And that takes us back to the first reading, which, at the end, describes what happened when the Spirit of Christ transformed Saul of Tarsus, the enemy of the Church, into Paul, the greatest missionary the church has ever seen. The church, Luke says, was then at peace, making steady progress in the fear of the Lord, and enjoyed the consolation of the Holy Spirit [Acts 9:31]. Here, surely, we hear advance echoes of the great feast of Pentecost which is coming soon.
On this Mother’s Day, let us pray that our community, our nation, and the wider world too, will continue to strive to overcome whatever divisions threaten that unity, and so become a living vineyard of true friends, animated by the loving Spirit of Jesus living within us and among us.
After the revisions of the liturgy following the Second Vatican Council, this fourth Sunday of Easter was called “Good Shepherd Sunday” because of the gospel reading in which Jesus draws out a parable about sheep and their shepherds. It is also known as Vocation Sunday, and had even other titles before things got organized, so to speak.
The gospel readings in all three years of the liturgical cycle focus on Jesus as the true shepherd of Israel, which is not the kind of theme we have been hearing up to today in the Sundays after Easter. The focus has shifted.
Only the gospel mentions sheep and shepherds, but the underlying message is really about recognition – seeing something or someone for what they truly are. The word Jesus uses is “know”: ‘I know my sheep and they know me.’ And because they know him, they follow him. We follow him.
For those of us who don’t know a lot about shepherding, there is a point here that may escape attention. The sheep follow the good shepherd. Otherwise, they must be driven from behind, often with a canny border collie nipping at their heels. Few shepherds simply walk in front of the sheep who confidently follow, more like ducklings after a mother duck. It gets down to trust, a trust based on confidence and in the case of ducks and chicks, imprinting. They are impressed with life-saving recognition shortly after birth – or hatching in their case. There is matter here for a interesting comparison with baptism, but not today.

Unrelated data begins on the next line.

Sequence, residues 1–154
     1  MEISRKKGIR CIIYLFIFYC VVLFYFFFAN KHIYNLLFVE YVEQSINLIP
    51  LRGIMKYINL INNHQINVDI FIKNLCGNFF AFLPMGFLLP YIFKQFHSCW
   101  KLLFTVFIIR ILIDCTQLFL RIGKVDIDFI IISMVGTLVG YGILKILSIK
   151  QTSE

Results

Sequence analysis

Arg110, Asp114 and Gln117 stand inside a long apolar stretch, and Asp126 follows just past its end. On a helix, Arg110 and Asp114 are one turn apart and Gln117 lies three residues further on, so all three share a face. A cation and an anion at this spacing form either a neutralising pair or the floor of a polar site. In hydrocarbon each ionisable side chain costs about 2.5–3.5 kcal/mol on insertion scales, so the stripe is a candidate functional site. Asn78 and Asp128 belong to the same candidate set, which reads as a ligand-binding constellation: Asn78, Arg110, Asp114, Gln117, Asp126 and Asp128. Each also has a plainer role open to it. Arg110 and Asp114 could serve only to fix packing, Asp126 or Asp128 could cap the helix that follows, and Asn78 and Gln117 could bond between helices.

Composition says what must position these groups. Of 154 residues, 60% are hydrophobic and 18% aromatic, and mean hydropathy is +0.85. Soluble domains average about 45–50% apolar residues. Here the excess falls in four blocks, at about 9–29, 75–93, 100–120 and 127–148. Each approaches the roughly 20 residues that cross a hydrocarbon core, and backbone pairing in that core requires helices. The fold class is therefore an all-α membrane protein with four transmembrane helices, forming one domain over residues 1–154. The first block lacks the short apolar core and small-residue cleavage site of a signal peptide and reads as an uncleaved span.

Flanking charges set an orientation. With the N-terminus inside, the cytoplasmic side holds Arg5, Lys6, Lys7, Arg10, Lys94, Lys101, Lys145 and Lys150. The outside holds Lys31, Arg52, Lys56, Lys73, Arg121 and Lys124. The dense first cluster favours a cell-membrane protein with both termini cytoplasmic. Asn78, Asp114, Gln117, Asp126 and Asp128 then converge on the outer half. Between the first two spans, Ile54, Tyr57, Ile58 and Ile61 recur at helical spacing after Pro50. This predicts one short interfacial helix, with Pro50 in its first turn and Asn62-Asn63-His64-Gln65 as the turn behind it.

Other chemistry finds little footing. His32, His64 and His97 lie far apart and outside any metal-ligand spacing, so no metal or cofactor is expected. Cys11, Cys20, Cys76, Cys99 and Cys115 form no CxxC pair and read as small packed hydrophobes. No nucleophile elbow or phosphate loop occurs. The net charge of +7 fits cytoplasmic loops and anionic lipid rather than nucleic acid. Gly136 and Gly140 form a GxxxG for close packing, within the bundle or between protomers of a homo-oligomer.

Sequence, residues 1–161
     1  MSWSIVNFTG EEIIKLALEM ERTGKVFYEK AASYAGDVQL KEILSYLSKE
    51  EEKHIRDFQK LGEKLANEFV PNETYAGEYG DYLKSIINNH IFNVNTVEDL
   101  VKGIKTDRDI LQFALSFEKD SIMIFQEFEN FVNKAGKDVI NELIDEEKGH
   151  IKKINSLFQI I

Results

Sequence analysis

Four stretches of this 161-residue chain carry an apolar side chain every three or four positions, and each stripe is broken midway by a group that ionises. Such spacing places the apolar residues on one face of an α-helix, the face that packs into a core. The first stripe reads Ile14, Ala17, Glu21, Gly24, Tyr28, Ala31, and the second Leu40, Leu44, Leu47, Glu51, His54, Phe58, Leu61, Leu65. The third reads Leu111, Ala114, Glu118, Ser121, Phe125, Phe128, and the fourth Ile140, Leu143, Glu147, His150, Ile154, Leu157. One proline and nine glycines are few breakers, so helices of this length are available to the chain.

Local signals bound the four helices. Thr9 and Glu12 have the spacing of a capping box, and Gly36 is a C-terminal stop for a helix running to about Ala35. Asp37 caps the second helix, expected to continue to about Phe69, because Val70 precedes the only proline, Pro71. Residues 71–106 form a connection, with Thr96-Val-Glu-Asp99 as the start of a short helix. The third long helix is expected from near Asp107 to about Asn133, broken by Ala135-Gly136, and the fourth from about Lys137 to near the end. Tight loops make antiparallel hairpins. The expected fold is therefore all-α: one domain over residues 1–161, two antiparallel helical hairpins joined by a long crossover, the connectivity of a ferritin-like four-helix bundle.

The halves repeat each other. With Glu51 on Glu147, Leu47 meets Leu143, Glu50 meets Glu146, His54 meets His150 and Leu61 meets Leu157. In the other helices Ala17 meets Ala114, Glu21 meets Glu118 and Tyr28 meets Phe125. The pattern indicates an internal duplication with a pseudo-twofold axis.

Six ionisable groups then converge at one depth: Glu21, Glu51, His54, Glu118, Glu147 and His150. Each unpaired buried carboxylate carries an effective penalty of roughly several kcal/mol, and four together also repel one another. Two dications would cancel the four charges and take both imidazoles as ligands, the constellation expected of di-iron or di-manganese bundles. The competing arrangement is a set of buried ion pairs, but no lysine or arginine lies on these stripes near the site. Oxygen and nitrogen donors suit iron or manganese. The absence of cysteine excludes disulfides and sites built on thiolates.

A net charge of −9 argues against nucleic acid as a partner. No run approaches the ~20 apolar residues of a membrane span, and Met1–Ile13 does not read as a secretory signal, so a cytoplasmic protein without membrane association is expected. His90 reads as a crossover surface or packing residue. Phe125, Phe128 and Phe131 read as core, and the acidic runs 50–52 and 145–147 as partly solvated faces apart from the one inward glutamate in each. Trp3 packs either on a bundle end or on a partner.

Jesus describes our relationship to him, the true or “good” shepherd, in terms of how sheep recognize the true shepherd, particularly by his voice. Since domesticated sheep are not very independent and are generally pretty timid and easily panicked, voice recognition is much more important for their safety and survival than it is, say, for a computer. In fact, it isn’t important all for the computer to recognize my voice. It’s important to me. But sheep can get into a lot more trouble than computers do if they fail the test of voice recognition. And so can we.